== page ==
Telemaco pitched in seven minor league games in 2002 and even though they went well, the road back was rather bumpy. Telemaco's 2002 season started with extended spring training before he made one start for Scranton and found himself back on the DL. From there, he spent a week in the Gulf Coast League before being reassigned to AA Reading. Again, he made one start and was back on the DL by the fourth of July. The recurring problems were a low-point for Telemaco. By the end of August, Telemaco was again pronounced to be healthy and was sent to Clearwater where he made three starts before the end of the season. With four different minor league teams, Telemaco had impressive numbers (2-1, 1.86) in his seven starts. Spring training 2003 went pretty well for Telemaco, but he admitted at the end of spring that he wasn't ready to pitch in the majors and accepted an assignment to Scranton.
With pitching coach Mike Mason keeping a close eye on the still recovering Telemaco, things started to click. Telemaco was getting his command and velocity back and was pitching inside to hitters, looking better than ever at times. Telemaco did find himself sometimes waiting for his shoulder to hurt again, but as time went by and he felt stronger and stronger, those concerns diminished and Telemaco was suddenly the hottest pitcher on the Red Barons staff that included super prospect Ryan Madson.
Meanwhile, the Phillies didn't face a dire need for another starter at the major league level, so Telemaco just kept pitching away at Scranton. The innings mounted and Telemaco seemed to be getting stronger and stronger. As the All-Star Break hit, the Phillies confidence in Telemaco had grown, but they were still sticking with struggling youngster Brandon Duckworth. Like a veteran who knows the game, Telemaco was patient and simply ran himself out to the mound, making the most of every start. He was sure that he was now ready to pitch in the majors, but his chance hadn't yet come.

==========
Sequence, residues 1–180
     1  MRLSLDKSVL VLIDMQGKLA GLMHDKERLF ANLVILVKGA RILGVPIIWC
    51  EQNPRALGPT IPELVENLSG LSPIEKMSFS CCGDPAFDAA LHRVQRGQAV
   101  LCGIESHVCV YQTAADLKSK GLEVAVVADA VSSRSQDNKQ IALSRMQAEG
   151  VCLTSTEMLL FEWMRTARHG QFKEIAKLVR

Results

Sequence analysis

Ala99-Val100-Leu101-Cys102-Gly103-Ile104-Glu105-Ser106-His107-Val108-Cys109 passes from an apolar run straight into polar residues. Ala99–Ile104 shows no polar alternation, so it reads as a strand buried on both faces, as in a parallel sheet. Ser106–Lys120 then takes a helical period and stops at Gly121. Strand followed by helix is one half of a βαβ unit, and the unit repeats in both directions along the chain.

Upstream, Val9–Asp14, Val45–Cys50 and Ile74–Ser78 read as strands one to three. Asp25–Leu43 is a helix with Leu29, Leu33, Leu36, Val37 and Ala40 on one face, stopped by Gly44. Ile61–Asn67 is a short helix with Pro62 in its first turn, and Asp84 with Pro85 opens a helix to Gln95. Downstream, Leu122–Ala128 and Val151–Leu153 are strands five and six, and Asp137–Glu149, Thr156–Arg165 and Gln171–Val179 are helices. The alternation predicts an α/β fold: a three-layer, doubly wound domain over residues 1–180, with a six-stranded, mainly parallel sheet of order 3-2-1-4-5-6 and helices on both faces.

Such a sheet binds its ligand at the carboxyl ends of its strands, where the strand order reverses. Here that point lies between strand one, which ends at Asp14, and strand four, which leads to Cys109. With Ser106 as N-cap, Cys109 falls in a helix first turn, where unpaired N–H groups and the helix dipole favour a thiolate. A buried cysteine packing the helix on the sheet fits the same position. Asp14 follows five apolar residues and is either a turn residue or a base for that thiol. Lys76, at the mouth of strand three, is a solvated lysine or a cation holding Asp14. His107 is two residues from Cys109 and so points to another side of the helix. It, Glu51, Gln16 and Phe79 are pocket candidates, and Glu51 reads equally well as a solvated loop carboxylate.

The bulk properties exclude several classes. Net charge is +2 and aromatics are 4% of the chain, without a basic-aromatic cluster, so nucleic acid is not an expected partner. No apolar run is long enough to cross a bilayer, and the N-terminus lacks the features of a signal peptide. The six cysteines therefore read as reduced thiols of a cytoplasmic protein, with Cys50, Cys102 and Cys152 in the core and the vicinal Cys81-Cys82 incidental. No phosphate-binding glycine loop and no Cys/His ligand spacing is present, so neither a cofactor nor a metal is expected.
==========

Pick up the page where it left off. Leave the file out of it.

Soon, the Duckworth issue hit a boiling point and even his biggest supporters – pitching coach Joe Kerrigan and GM Ed Wade – admitted that perhaps, something had to be done for the good of the team. The decision to send Duckworth to Scranton was made, but just who to recall wasn't a cut and dry decision. Madson was pitching well and the fans clamored to see one of the Phillies top prospects take the fifth spot in the rotation. The decision came down to one question that was posed to the Phillies minor league staff; Which pitcher can come to Philadelphia and help the Phillies right now?
After Wednesday night's game, media guru Larry Shenk assembled the Philadelphia media and announced that Chase Utley was recalled from Scranton and that Duckworth would be optioned out. Taking Duckworth's spot in the rotation would be…Amaury Telemaco. The question was answered.
Much of the decision came down to Telemaco's past major league experience. The Phillies have no doubt that Madson will be a very good major league pitcher, but again, the question contained the phrase ‘right now' and the minor league staff felt – almost unanimously – that the correct answer was Telemaco. After all, he was near dominating. Telemaco was 10-9 with a 3.24 ERA in 24 starts. The big numbers were his three complete games – two of them shutouts – and the fact that he had allowed just 22 walks in 155.1 innings of work. His control was outstanding. He had also struck out 116 hitters, allowing just 125 hits.
Ryan Madson will be in Philadelphia likely in September for at least a look at major league life. It's likely that he'll step into the rotation for the 2004 season and have a great major league career ahead of him. But again, right now, Amaury Telemaco is the choice for the Phillies and both they and the St.Louis Cardinals will find out if they were right. Telemaco is back, the results are still waiting to be deciphered, but he's got the chance that he wanted. Right now, he knows that he's ready.